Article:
Share your knowledge at the LQ Wiki.
Go Back > Forums > Non-*NIX Forums > Programming
User Name
Programming This forum is for all programming questions.
The question does not have to be directly related to Linux and any language is fair game.


  Search this Thread
Old 10-10-2017, 10:26 PM   #16
David the H.
Bash Guru
Registered: Jun 2004
Location: Osaka, Japan
Distribution: Debian + kde 4 / 5
Posts: 6,848

Rep: Reputation: 2012Reputation: 2012Reputation: 2012Reputation: 2012Reputation: 2012Reputation: 2012Reputation: 2012Reputation: 2012Reputation: 2012Reputation: 2012Reputation: 2012

Originally Posted by tony4260 View Post
I'm taking it that these two lines are equivalent:

echo "${@: (-2):2}" # prints the last two arguments.
echo "${ARGV[@]: (-2):2}"

And in those lines the -2 is saying "start 2 back from the last" (the last is -1, the one before that is -2 so:
Yes, pretty much, assuming you copied the argument list into ARGV in the way I posted. Bash treats the "$@" parameter essentially as an array, although there are minor differences based on historical contingency, particularly the 0 index needing to be explicitly expanded. If you just did ARGV=( "$@" ), then the index numbers would fail to match up. That wouldn't affect negative expansion, but it would affect positive expansions. See below.

./argumentstuff.bash this that those many
many would be -1, so the -2 is starting at those.

Then the 2 thats after the -2 is saying do that to two items. so if it was ${@: (-2):1} would only delete "those"?
Correct.In the range parameter substitution "${array[@]:idx:num}", the idx is the index of the first entry you want to output, and num is the number of items that you want from that point on. If the first number is negative, it counts backwards from the end of the array. The second number is optional if you want to output the entire range to the end. And as I pointed out above, arrays start from zero by default, except for $@, so ${array[@]:2:3} will expand to elements 3, 4, and 5, and "${@:2:3}" to elements 2, 3, and 4.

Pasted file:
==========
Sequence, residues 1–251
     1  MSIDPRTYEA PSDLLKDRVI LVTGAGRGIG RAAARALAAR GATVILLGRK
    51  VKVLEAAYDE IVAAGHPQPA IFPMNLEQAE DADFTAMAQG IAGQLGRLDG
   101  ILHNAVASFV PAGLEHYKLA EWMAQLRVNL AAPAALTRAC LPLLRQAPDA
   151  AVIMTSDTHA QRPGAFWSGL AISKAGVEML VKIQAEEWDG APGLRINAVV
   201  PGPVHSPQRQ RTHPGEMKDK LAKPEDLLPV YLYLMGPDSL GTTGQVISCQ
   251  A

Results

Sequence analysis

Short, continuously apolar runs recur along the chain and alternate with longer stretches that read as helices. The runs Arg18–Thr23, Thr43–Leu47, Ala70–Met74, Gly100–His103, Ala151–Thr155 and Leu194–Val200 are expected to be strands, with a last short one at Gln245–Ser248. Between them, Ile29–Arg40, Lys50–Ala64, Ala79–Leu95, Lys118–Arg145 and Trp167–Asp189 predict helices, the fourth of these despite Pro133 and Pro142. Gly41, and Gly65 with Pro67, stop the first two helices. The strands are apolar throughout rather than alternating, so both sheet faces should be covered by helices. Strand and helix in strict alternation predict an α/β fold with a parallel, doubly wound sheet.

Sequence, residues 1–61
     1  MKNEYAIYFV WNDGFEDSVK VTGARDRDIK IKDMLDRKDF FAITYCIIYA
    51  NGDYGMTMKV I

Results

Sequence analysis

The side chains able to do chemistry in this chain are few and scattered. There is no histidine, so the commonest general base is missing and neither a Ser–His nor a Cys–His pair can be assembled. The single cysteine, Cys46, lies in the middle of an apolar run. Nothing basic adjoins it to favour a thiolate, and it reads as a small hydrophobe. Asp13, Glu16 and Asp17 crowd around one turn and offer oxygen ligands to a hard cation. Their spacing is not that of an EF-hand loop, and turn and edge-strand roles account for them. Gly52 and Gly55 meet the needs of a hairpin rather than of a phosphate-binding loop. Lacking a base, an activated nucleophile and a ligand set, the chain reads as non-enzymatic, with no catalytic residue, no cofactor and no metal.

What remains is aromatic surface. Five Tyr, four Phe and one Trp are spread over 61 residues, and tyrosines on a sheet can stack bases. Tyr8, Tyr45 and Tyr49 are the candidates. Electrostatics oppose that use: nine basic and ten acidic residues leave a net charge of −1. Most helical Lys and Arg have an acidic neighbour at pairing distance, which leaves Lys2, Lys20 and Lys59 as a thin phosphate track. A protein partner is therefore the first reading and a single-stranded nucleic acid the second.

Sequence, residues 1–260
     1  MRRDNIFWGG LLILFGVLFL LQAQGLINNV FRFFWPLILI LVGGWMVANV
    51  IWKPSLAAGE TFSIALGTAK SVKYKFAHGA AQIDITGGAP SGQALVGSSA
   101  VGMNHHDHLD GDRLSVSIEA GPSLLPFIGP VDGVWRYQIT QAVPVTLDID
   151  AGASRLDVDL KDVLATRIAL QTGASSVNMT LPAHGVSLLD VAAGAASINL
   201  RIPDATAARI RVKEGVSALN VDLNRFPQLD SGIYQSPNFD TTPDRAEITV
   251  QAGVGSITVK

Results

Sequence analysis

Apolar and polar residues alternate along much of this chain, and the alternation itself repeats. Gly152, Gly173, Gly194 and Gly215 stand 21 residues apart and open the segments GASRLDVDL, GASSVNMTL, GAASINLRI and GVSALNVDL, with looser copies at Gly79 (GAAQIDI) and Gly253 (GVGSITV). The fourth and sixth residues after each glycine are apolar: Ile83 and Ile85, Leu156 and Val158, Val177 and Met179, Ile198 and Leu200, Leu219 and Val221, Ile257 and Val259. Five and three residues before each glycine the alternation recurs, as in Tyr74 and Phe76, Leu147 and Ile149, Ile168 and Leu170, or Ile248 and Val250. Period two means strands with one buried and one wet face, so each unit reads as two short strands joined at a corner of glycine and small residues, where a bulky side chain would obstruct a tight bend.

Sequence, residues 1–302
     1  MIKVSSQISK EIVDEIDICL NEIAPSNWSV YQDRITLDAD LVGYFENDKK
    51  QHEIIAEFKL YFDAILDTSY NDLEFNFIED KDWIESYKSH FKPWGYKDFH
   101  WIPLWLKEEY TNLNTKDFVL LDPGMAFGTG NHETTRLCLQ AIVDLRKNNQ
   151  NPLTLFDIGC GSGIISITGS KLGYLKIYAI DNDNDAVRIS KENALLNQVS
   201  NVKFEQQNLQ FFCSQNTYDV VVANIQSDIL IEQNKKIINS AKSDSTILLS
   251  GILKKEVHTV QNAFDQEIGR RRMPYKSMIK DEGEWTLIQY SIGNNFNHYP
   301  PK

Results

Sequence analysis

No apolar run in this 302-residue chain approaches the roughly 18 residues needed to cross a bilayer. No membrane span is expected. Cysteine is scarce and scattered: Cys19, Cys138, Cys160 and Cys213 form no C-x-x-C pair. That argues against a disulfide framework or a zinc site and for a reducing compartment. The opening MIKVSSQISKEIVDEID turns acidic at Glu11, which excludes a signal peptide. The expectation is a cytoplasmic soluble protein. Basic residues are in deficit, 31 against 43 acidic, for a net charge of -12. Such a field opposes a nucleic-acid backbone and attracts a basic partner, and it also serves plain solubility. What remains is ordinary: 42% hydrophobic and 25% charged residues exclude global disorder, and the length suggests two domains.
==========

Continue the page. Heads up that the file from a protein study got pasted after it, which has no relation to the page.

Edit: forget that last part. I was rushed for time earlier and got screwed up in my thinking. The two forms output the same, again assuming the array was set with a "$0" index.

Last edited by David the H.; 10-11-2017 at 05:12 AM. Reason: incorrect info
Click here to see the post LQ members have rated as the most helpful post in this thread.
Old 10-18-2017, 03:12 AM   #17
Senior Member
Registered: Feb 2015
Distribution: Slackware64-current
Posts: 1,946

Rep: Reputation: Disabled
A portable solution.

usage='Some help...'

while [ "$#" -gt 0 ]; do 
  option="$1"; shift
  case "$option" in
    -- ) break ;;
    -b|--bar ) printf %s\\n 'bar' ;;
    -f|--foo ) printf %s\\n 'foo' ;;
    -h|--help ) printf %s\\n "$usage" ;;
    * ) printf %s\\n "Unrecognized option '$option', use -h for help."; exit 1 ;;


Thread Tools Search this Thread
Search this Thread:

Advanced Search

Posting Rules
You may not post new threads
You may not post replies
You may not post attachments
You may not edit your posts

BB code is On
Smilies are On
[IMG] code is Off
HTML code is Off

Similar Threads
Thread Thread Starter Forum Replies Last Post
processing a ksh shell in bash environment ntoughe Programming 9 09-12-2005 05:09 AM
newbe bash question ( grep processing) therealbxp Programming 2 11-20-2004 07:40 AM
command line args in a countdown Squeak2704 Programming 1 04-26-2004 12:27 PM
Bash script; command and args in variable. magjo813 Programming 2 02-16-2004 09:22 AM
>>> control mplayer with command args??? nibjb Linux - Software 0 07-16-2003 11:09 PM > Forums > Non-*NIX Forums > Programming

All times are GMT -5. The time now is 07:31 PM.

Main Menu
Write for LQ is looking for people interested in writing Editorials, Articles, Reviews, and more. If you'd like to contribute content, let us know.
Main Menu
RSS1  Latest Threads
RSS1  LQ News
Twitter: @linuxquestions
Open Source Consulting | Domain Registration